In case you are wondering,that is not a typo error. I really mean Mangalore.Mangalore is small town in Karnataka and yes, it is a completely different entity than Bangalore.As far as I am concerned,this city is the center of all things Konkani.There might be many to disagree with me. But hey, my blog, my rant. S and I stayed in Mangalore for a couple of months immediately after we were married.Though I mentally prepared myself for the change it would be for a city-bred-Mumbai-snob that I was (and still am to some extent),I just wasnt prepared for the culture shock that I was in for. Mind you, growing up with my Bapama (Paternal Grandma), I knew all the traditions, rituals etc.that is Konkani. It wasn't the traditions or the small town, it was just the sheer number of amchigeles(as we like to call ourselves,loosely means "our people") around.In the vast diversity of mumbai, I had never been in such close quarters with amchis that were not my relatives. Its a feeling I couldn't shake as I left the city to head towards the new world, so to speak. But, I digress.

These buns are generally a breakfast item in Mangalore, but my bapama used to make them as an evening snack, too. Its a great way to use up an overripe banana. In fact,my mother-in-law keeps aside a banana to let overripe so that she can make these.

Now that you know what they are and whence they cometh from (I am into Shakespeare these days),you might as well know how to make them.

Mangalore Buns…

Maida or Regular flour 2 cups

1 overripe Banana

1/2 buttermilk or (yogurt + water beaten together)

3 tbsp sugar

1/4 tsp black pepper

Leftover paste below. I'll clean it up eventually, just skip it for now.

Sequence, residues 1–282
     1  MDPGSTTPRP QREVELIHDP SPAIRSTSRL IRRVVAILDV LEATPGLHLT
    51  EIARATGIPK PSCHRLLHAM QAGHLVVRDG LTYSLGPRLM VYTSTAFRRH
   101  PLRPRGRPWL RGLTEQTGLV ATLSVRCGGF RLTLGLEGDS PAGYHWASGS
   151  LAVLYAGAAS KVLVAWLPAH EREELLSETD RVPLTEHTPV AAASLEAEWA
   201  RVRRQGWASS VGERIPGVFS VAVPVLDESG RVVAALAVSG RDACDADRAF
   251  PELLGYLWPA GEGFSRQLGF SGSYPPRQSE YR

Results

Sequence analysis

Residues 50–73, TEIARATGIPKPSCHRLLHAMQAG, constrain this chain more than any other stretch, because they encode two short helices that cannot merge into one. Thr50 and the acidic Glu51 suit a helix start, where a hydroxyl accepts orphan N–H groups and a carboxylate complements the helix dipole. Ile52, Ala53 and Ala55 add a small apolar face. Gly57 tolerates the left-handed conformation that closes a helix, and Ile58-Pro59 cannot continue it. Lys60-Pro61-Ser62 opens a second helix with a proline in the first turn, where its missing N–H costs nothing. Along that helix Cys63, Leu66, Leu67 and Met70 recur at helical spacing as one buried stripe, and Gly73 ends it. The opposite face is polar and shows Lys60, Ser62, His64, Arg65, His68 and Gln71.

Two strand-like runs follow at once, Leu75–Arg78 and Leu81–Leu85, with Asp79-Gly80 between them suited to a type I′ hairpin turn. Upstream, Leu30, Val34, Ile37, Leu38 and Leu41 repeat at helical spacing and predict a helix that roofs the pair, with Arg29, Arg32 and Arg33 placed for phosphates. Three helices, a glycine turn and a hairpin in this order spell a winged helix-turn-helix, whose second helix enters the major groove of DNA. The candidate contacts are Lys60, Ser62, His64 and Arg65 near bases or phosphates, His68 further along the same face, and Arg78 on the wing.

1/8 tsp Baking soda

salt

Oil + ghee for deep frying

Peel the banana and mash them with a fork in a large vessel.Add the buttermilk. If you are using yogurt, beat it and dilute with enough water to make 1/2 a cup.Add in the sugar,salt, pepper and baking soda. Mix together. Add the flour and keep forking it till it all comes together and forms a dough. You might have to add more flour or water depending upon the consistency of the buttermilk you are using. If its thick, may require extra water or if its too watery, may require more flour. Knead for a minute or so (isn't that great?). Apply a tbsp of oil all over the dough,cover and keep in a cool place (I keep it in my non-hot oven) for at least 4 hours.

Heat oil, add 2 tbsp of ghee to it. You don't want to fry this in just oil, they wont taste as good.Shape ball sized dough pieces into round shapes about 3-4 inches in diameter and a little thicker than a poori.Use extra flour to help roll them. Sprinkle some on the counter and rub some on the rolling pin. Use sparingly or you will be left with a gross black sediment in your oil rendering it un-reusable.Been there , done that.You might also want to roll and fry one at a time instead of roll all pooris and then deep fry. This being a maida dough, you will be left with a 2 inch diameter thick rolled poori. Not good.

Deep fry on medium heat. As soon as you put the dough in oil,keep poking at it with the slotted spoon and pressing it into the oil till it puffs up. At this point, I would like to say that the oil is HOT, be careful and please don't sue me if you meet with an accident. You deep fry at your own risk!! :) . Now that you have read the disclaimer, we can move ahead. Once it puffs up, turn over and let the other side fry up. Remove from oil and drain on paper towels. They are not going to be as crispy as a poori would be , they are not supposed to be.When you bite into them, they are going to be crispy and spongy all at the same time.If they are,you have just made a perfect Mangalore Bun!!!.